OBJECTIVES: This study describes a new method to detect autoantibodies against actin filaments (AAA) as a serological marker of intestinal villous atrophy (IVA) in celiac disease (CD), and reports the results of an Italian double-blind multicenter study. METHODS: IgA-AAA were analyzed by immunofluorescence using a newly developed method based on intestinal epithelial cells cultured in presence of colchicine. IgA-AAA were blindly evaluated prospectively in 223 antiendomysial antibody (AEA) and/or antitransglutaminase antibody (TGA) positive subjects and in 78 AEA and TGA negative subjects. IgA-AAA positive patients underwent an intestinal biopsy to confirm the diagnosis. Moreover, IgA-AAA were retrospectively investigated in 84 biopsy-proven CD patients and in 2,000 new consecutively collected serum samples from AEA and TGA negative nonbiopsied subjects. RESULTS: IgA-AAA were positive in 98.2% of the CD patients with flat mucosa, in 89% with subtotal villous atrophy, and in 30% with partial villous atrophy. IgA-AAA were present in none of the AEA and TGA negative nonbiopsied controls. In AEA and/or TGA positive CD patients IgA-AAA positivity significantly correlated with IVA (p < 0.000 in the prospective study, p = 0.005 in the retrospective study). In the prospective study, the values of sensitivity, specificity, the positive predictive value, the negative predictive value, and the efficiency of the IgA-AAA test to identify patients with IVA were, respectively, 83.9%, 95.1%, 97.8%, 69.2%, and 87.0%. Furthermore, a significant correlation (p < 0.0001) was found between the IgA-AAA serum titre and the degree of IVA (rs 0.56). CONCLUSIONS: The results of this multicenter study show that the new method for IgA-AAA detection could represent a practical diagnostic tool in AEA and/or TGA positive subjects, which would be especially useful when IVA shows a patchy distribution, when the histological picture is difficult to interpret, or when a biopsy could represent a life-threatening risk.

Enterocyte actin autoantibody detection: A new diagnostic tool in celiac disease diagnosis: Results of a multicenter study

Maggiore, G.;
2004

Abstract

OBJECTIVES: This study describes a new method to detect autoantibodies against actin filaments (AAA) as a serological marker of intestinal villous atrophy (IVA) in celiac disease (CD), and reports the results of an Italian double-blind multicenter study. METHODS: IgA-AAA were analyzed by immunofluorescence using a newly developed method based on intestinal epithelial cells cultured in presence of colchicine. IgA-AAA were blindly evaluated prospectively in 223 antiendomysial antibody (AEA) and/or antitransglutaminase antibody (TGA) positive subjects and in 78 AEA and TGA negative subjects. IgA-AAA positive patients underwent an intestinal biopsy to confirm the diagnosis. Moreover, IgA-AAA were retrospectively investigated in 84 biopsy-proven CD patients and in 2,000 new consecutively collected serum samples from AEA and TGA negative nonbiopsied subjects. RESULTS: IgA-AAA were positive in 98.2% of the CD patients with flat mucosa, in 89% with subtotal villous atrophy, and in 30% with partial villous atrophy. IgA-AAA were present in none of the AEA and TGA negative nonbiopsied controls. In AEA and/or TGA positive CD patients IgA-AAA positivity significantly correlated with IVA (p < 0.000 in the prospective study, p = 0.005 in the retrospective study). In the prospective study, the values of sensitivity, specificity, the positive predictive value, the negative predictive value, and the efficiency of the IgA-AAA test to identify patients with IVA were, respectively, 83.9%, 95.1%, 97.8%, 69.2%, and 87.0%. Furthermore, a significant correlation (p < 0.0001) was found between the IgA-AAA serum titre and the degree of IVA (rs 0.56). CONCLUSIONS: The results of this multicenter study show that the new method for IgA-AAA detection could represent a practical diagnostic tool in AEA and/or TGA positive subjects, which would be especially useful when IVA shows a patchy distribution, when the histological picture is difficult to interpret, or when a biopsy could represent a life-threatening risk.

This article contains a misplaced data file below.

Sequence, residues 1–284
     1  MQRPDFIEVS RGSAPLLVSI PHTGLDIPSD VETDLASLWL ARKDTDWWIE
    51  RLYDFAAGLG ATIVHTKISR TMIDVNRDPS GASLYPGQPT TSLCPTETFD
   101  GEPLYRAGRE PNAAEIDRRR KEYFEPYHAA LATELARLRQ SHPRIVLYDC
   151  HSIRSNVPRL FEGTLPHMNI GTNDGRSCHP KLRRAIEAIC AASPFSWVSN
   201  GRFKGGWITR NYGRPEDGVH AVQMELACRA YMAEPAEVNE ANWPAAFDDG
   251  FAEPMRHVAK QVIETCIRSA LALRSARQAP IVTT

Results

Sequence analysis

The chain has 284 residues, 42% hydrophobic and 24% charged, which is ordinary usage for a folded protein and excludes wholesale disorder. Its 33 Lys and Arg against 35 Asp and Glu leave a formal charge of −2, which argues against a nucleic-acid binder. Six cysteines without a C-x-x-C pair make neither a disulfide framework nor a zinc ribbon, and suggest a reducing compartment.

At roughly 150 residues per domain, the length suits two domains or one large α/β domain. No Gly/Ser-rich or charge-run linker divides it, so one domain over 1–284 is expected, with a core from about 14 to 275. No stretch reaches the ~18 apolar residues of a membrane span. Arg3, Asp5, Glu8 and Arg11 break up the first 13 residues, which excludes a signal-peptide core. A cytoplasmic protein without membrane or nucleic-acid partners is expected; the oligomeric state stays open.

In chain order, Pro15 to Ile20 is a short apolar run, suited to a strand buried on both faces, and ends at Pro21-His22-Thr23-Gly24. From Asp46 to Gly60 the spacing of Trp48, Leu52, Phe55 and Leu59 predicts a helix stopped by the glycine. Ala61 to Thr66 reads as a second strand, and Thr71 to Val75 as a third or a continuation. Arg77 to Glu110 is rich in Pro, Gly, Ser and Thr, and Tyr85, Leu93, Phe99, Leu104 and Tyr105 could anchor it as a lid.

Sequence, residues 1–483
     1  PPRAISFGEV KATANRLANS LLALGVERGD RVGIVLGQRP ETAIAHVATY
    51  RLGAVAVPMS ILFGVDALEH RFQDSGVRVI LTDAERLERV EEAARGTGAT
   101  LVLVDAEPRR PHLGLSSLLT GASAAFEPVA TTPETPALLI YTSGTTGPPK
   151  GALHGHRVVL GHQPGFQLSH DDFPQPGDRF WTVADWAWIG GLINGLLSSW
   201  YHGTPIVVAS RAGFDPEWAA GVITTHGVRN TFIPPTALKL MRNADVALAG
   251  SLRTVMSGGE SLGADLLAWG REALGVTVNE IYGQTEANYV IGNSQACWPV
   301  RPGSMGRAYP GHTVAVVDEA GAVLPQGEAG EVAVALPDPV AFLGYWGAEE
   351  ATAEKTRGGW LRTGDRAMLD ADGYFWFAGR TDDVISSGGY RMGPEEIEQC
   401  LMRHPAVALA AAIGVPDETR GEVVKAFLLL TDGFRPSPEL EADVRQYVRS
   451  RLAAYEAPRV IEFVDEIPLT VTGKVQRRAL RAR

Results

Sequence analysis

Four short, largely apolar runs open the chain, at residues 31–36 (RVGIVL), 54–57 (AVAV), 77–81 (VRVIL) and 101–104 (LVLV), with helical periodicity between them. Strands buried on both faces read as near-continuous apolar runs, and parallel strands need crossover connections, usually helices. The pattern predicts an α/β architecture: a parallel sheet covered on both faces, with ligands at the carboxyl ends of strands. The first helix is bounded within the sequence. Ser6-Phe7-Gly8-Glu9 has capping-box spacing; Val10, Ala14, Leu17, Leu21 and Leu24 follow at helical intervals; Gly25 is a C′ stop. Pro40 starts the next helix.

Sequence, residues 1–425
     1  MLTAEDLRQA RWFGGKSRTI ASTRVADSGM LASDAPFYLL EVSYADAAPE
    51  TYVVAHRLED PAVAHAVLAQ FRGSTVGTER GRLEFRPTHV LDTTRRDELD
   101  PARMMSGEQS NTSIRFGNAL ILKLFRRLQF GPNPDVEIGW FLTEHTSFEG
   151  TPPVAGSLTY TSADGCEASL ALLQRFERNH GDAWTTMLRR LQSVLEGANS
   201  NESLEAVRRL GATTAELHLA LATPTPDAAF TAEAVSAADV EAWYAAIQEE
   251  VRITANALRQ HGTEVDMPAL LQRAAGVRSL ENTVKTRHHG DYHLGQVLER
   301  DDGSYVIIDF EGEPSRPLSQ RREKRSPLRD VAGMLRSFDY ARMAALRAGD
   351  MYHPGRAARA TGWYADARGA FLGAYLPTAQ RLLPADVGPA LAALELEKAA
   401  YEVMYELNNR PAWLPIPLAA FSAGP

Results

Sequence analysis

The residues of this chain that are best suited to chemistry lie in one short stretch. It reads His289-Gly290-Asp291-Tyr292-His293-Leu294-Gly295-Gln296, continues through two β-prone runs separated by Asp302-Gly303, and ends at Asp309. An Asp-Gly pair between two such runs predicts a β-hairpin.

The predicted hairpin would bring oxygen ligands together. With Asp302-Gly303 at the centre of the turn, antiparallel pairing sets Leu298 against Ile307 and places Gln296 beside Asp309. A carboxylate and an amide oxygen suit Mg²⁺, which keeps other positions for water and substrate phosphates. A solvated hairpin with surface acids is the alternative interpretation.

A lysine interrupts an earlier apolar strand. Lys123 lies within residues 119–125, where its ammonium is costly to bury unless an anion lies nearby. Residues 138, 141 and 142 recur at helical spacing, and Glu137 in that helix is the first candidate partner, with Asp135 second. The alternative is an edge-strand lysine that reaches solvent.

Clemente, M. G.; Musu, M. P.; Troncone, R.; Volta, U.; Congia, M.; Ciacci, C.; Neri, E.; Not, T.; Maggiore, G.; Strisciuglio, P.; Corazza, G. R.; Gasbarrini, G.; Cicotto, L.; Sole, G.; Fasano, A.; De Virgiliis, Stefano
File in questo prodotto:
Non ci sono file associati a questo prodotto.

I documenti in IRIS sono protetti da copyright e tutti i diritti sono riservati, salvo diversa indicazione.

Utilizza questo identificativo per citare o creare un link a questo documento: http://hdl.handle.net/11392/2387244
 Attenzione

Attenzione! I dati visualizzati non sono stati sottoposti a validazione da parte dell'ateneo

Citazioni
  • ???jsp.display-item.citation.pmc??? 10
  • Scopus 61
  • ???jsp.display-item.citation.isi??? 45
social impact